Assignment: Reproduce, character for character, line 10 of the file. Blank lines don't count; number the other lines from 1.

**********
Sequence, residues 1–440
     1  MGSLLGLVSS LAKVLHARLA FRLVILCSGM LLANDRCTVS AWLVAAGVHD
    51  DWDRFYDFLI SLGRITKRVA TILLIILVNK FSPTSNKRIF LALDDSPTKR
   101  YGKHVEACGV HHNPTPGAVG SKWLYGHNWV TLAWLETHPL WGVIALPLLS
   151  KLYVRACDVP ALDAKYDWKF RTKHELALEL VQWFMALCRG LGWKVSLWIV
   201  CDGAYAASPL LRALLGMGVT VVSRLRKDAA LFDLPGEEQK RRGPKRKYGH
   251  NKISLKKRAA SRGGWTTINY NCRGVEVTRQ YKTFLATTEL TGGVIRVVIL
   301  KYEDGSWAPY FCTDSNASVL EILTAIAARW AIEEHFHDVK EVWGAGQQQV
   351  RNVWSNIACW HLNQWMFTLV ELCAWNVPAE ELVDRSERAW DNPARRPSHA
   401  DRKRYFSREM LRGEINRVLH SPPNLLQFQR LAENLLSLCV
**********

   401  DRKRYFSREM LRGEINRVLH SPPNLLQFQR LAENLLSLCV